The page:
By Prof Tony Campbell

WELCOME back to the Carte Blanche Club where anything goes.

It was the last board of the evening of the club’s annual team of four competition, where Fragile Florence won the day over Tommy Knowitall, because she had missorted her cards. But it is also a lesson in how to prevent a contract making by holding up a winning card.

The Auction

Tommy Knowitall opened the bidding as South with one heart. His partner, The Duchess, responded with one spade. Tommy Knowitall then bid two no trumps, which in their system showed exactly eighteen points. The Duchess wasn’t quite sure how many points her partner actually had, but knowing him, she felt he would be cross if she didn’t bid three no trumps. However, she suddenly remembered a similar hand from last week and made the correct bid of three spades. Her partner had told her last week that this was forcing, showing five good spades, and asking her partner to choose between three no trumps and four spades, if he had three cards in this suit.

The play

Wild Willy as West was in a quandary as to what to lead. Typically, after some thought, he made the wild lead of the two of clubs. Hoping his partner had four cards in this suit, he could see they could make three club tricks if South only had one stop. Fragile Florence as East hesitated, but decided to play the queen, Tommy Knowitall holding up his ace. Wild Willy smirked as he realised he had found a great lead. Believing that her partner must have led his fourth highest, Florence led her six of clubs at the next trick. Tommy, suspecting Wild Willy had made one of his lucky leads from three to the king won with his ace. Tommy Knowitall put his cards face down on the table, and, with a frown, stopped to think about the hand. If the spade finesse was right and the hearts no worse than 4/2 the contract was cold, as he knew the club suit must be blocked.

So, he led a small spade and played the queen from dummy. Fragile Florence without any hesitation played her six of spades. Tommy Knowitall knew that Florence was not good enough to hold up the king if she had it. So, he played a heart from dummy, winning this with his ace, following this with his second spade and finessing again, this time with the jack. Florence hesitated as she didn’t know what to discard. Then she gasped as she suddenly realised she had missorted her hand.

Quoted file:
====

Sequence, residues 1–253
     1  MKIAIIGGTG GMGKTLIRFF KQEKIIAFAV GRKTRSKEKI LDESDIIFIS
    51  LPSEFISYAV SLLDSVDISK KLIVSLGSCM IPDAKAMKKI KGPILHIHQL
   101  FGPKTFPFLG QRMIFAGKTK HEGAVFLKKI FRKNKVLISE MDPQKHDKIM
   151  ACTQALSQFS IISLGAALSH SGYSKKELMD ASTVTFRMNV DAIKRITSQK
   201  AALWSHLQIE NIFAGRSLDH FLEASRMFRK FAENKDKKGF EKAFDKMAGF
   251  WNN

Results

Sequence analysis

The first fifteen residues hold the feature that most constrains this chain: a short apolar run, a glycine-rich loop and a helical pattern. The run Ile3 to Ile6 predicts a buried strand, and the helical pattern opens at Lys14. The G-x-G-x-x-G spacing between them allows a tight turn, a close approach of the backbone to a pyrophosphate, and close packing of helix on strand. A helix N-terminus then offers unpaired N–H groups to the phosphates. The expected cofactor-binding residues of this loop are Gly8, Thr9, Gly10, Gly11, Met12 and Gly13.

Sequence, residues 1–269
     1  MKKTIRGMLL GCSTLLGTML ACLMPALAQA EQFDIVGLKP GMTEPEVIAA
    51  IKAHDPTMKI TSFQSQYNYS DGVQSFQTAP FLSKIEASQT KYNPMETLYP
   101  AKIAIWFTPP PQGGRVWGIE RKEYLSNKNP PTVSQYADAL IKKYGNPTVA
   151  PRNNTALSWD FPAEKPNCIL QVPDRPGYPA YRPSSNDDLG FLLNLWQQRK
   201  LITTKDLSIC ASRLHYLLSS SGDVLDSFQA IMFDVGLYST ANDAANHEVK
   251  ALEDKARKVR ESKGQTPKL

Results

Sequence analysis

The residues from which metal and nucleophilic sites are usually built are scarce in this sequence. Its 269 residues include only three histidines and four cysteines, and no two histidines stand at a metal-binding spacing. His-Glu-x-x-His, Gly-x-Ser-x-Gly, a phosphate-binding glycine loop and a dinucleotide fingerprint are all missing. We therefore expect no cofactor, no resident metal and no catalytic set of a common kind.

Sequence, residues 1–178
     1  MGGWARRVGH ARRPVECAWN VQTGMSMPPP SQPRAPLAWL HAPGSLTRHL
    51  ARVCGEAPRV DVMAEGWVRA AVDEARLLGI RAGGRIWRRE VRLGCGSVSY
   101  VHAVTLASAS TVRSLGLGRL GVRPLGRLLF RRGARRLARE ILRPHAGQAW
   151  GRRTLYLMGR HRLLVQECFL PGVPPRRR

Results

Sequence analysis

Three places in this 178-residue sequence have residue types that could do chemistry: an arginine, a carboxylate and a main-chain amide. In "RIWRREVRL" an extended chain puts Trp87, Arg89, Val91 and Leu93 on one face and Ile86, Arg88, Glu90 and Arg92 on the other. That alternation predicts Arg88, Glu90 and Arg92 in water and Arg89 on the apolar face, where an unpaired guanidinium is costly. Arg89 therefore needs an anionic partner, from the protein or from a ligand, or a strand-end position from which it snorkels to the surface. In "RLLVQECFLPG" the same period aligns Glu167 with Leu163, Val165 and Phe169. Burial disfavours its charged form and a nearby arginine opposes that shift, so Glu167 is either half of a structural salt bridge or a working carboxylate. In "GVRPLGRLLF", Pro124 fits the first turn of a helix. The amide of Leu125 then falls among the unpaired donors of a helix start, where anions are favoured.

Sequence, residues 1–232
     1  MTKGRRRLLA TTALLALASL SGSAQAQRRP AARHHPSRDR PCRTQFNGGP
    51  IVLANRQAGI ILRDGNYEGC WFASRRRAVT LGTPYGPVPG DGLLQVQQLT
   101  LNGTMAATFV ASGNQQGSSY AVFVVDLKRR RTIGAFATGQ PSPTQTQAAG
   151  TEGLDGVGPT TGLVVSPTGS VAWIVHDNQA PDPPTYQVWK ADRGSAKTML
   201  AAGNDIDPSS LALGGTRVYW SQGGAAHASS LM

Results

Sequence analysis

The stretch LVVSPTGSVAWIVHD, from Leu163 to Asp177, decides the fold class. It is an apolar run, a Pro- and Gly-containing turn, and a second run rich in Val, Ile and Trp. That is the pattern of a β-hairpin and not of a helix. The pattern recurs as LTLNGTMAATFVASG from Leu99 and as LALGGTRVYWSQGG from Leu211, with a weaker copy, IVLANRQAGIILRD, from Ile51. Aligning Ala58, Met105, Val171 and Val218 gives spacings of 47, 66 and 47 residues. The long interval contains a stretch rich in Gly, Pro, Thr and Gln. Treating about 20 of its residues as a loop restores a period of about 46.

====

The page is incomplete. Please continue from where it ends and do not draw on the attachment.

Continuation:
She had put the king of spades with her clubs by mistake! She carefully took this out and placed it on the table, winning the trick. Tommy Knowitall glared at her and sighed as he realised that by chance she had made the correct play. She then played a club back to Willy’s king, who had forgotten South had opened the bidding with one heart. So, he played a heart back, which Tommy Knowitall won with the ace. He then cashed four more hearts, Willy discarding two spades, and Florence two diamonds. Now declarer was stuck, as he had to lose the ace of diamonds. He played the king, which Florence won with her ace.

She then triumphantly won the next trick with her queen of clubs. Tommy won the last trick with his queen of diamonds. One down, losing one spade, the ace of diamonds and three clubs, for a loss of 100 in a contract that was made at the other table by Lucky Lucy. Here, West started by leading a small diamond, which East won with the ace. He returned another diamond, which was won by Lucy’s king.

As in the other room, Lucy then played a spade, finessing with the queen in dummy. This time East, with only a doubleton king, didn’t dare hold up, and won, returning another diamond. It was all over, as Lucky Lucy won the rest of the tricks, making eleven in all – four spades, four hearts, two diamonds and the ace of clubs, for a score of 660. So, the score to Fragile Florence’s team was 760, equivalent to 13 IMPS. As a result, they won the competition, Tommy Knowitall trying to explain to his fellow teammates how he went down in a contract that was cold, as the hearts were 3/3.

What have we learnt?

1. If you have a good five card major it is advisable to bid it again if your partner has bid two no trumps. Three hearts or three spades is then forcing asking your partner to choose between four of the major or three no trumps.

2. When declarer makes a finesse, it is often a good idea to hold up your winning card, particularly if there are no entries in dummy.

Current positions in Peter Sampson’s bridge ladder

Peter Sampson’s ladder competition continues to be a success, continuing for 22 weeks with 24 competing pairs. It adds an extra bit of excitement and fun to the games, and Peter sends out the results weekly. Current leaders are Angela and Rod Hudson, followed by Jim Elder and Meryl Skipper, with Peter Millar and Mick Green in third place, and Debbie Dawkins and Hilary Morgan in fourth place. There will be a Christmas Competition, so Peter is not taking in anymore pairs until after Christmas. The prizes are sponsored by The Pen & Paper Stationary Co Ltd and are for the top pair, the pair having the most wins during the period before Christmas, and the pair playing the highest number of different pairs.

Further information

There will be a SIMS event for Penarth and Sully bridge clubs on Tuesday 10th November. in aid of Children in Need. Please contact me if you would like to play. If you have any views, experiences and information you would like to share, please email me, Meanwhile, good luck with your online bridge. You can always find my articles online at www.penarthtimes/bridge. Keep well. Keep safe. Bon chance. Virtual table up. But there is hot news. There is a new online British bridge site, Real Bridge. This looks really good, as you can see everyone live, and talk. More next week about this experimental site. So maybe at last it is going to be Real Table up!